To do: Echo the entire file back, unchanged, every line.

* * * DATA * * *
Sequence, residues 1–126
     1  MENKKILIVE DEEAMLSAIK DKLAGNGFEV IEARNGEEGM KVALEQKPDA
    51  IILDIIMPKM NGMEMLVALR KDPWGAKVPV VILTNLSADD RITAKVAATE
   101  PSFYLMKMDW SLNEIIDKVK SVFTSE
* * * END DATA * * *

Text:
Sequence, residues 1–126
     1  MENKKILIVE DEEAMLSAIK DKLAGNGFEV IEARNGEEGM KVALEQKPDA
    51  IILDIIMPKM NGMEMLVALR KDPWGAKVPV VILTNLSADD RITAKVAATE
   101  PSFYLMKMDW SLNEIIDKVK SVFTSE